Seven years ago June 18 was a typically balmy day in Charleston, South Carolina. I was in Charleston working on a short term gig for an uphill Congressional campaign that my girlfriend and I had joined immediately following my graduation from UNC Chapel Hill.
My girlfriend, Jamie, had been one of my best friends for the preceding sixteen months while we worked for John and Elizabeth Edwards. Our relationship had turned romantic in the aftermath of the Edwards campaign. Our year-plus of being best friends beforehand had lent itself to an accelerated romantic relationship in so many ways. This comfort level allowed us to cut through the grade school bullshit that clouds the early days of dating which was a gift.
Over Easter weekend Jamie had told her mother that we would end up getting married.
Mind you, this was the first visit I had made to Jamie’s hometown, so it came as a bit of a surprise.
So, yes, we planned to get engaged and married. Eventually.
One night a few weeks before June 18, Jamie had shown so much grace and poise that I decided on the spot to order her engagement ring. In order to do so, I called my Nana and asked her if I could draw down on some of the money that she had set aside for each of her grandchildren. I remember the conversation clearly.
“Nana, I’ve decided that Jamie is the girl I want to marry, and I want to order the ring.”
“Honey, you are sure?”
“Well, if you are sure, ain’t no sense in wasting time. I’ll send it along…”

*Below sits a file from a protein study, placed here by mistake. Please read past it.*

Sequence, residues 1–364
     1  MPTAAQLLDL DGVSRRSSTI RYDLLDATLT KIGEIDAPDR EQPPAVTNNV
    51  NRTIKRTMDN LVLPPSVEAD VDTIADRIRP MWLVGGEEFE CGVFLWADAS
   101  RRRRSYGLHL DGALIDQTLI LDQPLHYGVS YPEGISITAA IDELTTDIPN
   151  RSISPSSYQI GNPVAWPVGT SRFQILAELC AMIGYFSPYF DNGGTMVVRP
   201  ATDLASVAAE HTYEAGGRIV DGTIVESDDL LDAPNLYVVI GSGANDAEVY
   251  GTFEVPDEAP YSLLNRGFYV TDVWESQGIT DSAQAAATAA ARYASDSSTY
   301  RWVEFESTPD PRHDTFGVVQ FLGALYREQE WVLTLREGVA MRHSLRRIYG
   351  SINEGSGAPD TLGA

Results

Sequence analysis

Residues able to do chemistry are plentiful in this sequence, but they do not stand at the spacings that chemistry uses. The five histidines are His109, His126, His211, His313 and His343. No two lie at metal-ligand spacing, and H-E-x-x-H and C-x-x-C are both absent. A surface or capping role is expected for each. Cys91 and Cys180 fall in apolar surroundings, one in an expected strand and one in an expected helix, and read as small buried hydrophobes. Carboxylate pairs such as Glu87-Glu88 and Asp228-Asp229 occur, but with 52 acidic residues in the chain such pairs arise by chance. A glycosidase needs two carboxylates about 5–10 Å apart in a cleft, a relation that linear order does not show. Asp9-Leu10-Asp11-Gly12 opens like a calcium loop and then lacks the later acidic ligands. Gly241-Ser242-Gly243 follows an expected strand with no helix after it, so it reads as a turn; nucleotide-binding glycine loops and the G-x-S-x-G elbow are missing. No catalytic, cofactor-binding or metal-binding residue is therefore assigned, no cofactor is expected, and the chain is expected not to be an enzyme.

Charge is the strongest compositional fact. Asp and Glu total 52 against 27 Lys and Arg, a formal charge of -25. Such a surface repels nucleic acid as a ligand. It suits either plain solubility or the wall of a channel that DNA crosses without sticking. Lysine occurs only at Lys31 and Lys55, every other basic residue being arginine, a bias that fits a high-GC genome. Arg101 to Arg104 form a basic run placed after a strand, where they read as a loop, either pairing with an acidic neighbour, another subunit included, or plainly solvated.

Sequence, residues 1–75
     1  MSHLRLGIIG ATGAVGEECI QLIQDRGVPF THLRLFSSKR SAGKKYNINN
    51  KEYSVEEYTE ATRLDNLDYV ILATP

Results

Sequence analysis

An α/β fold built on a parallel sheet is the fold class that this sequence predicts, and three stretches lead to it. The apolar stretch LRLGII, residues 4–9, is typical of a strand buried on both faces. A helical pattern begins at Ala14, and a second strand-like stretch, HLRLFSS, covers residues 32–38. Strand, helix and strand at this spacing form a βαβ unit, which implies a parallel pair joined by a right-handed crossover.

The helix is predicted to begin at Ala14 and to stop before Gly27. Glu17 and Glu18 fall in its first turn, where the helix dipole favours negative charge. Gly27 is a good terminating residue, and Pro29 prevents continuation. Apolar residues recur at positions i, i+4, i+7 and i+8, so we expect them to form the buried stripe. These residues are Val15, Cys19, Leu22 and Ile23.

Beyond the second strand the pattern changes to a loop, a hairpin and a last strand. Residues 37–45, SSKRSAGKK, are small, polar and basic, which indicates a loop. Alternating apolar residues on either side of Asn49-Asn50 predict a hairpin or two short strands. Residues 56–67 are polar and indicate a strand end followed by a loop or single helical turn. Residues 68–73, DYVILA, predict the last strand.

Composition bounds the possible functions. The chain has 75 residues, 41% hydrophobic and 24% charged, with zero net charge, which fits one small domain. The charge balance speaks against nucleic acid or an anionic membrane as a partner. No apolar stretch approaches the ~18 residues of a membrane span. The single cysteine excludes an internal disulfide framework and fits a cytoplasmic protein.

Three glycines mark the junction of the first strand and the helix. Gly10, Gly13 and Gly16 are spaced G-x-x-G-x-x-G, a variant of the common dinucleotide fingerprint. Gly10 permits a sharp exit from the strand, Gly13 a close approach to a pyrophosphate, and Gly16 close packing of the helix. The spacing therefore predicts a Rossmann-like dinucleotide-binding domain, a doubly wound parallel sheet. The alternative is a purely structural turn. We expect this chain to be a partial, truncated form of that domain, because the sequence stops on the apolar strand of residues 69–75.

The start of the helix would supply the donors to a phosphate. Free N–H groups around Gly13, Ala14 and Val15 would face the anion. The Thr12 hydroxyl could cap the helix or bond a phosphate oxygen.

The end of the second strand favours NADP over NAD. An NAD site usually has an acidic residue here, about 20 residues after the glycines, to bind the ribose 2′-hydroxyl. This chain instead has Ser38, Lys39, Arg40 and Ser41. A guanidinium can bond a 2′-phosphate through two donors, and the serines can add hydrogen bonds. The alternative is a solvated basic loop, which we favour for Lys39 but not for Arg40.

Around lunch on the 18th I received a call from FedEx that a package had arrived that I had to pick up at the shipping facility due to its value. Jamie and I carpooled, so I asked her if I could borrow her car.
I will never forget the sense of happiness and anticipation that came when I opened the box and saw the ring for the first time. My intention had been to drive to my apartment, hide the ring, and proceed with my day. Instead, I drove back to the office, could not resist showing a coworker, and started to consider proposing that evening.
Which, of course, I did, because I am seemingly incapable of waiting once I’ve determined my course.
Jamie had told me previously that she had seen a couple get engaged on the Battery in downtown Charleston, and she thought at the time that it was among the most romantic things she had seen. So, on the evening of June 18, to the Battery we went.
We walked. And we walked. And we walked. Mostly because I had lost my nerve. Eventually Jamie turned to me and said, “My head hurts, my feet hurt, can we go home now?”
A few steps more and I chose that moment to propose. I do not remember much of what I said, neither did she, but we both cried tears of happiness. And, you know, her aches and pains magically healed as we called family and friends to tell them the news.
Do you remember the arrogance that comes with young relationships? A sense that your relationship will work, regardless of finances, distance, age, familial issues. A sense that your relationship is remarkable — that it will stand the test of time even if the statistics say it may not.
On June 18, all we could imagine was growing old together. We spoke of our life to come so often that I could see it in my mind’s eye.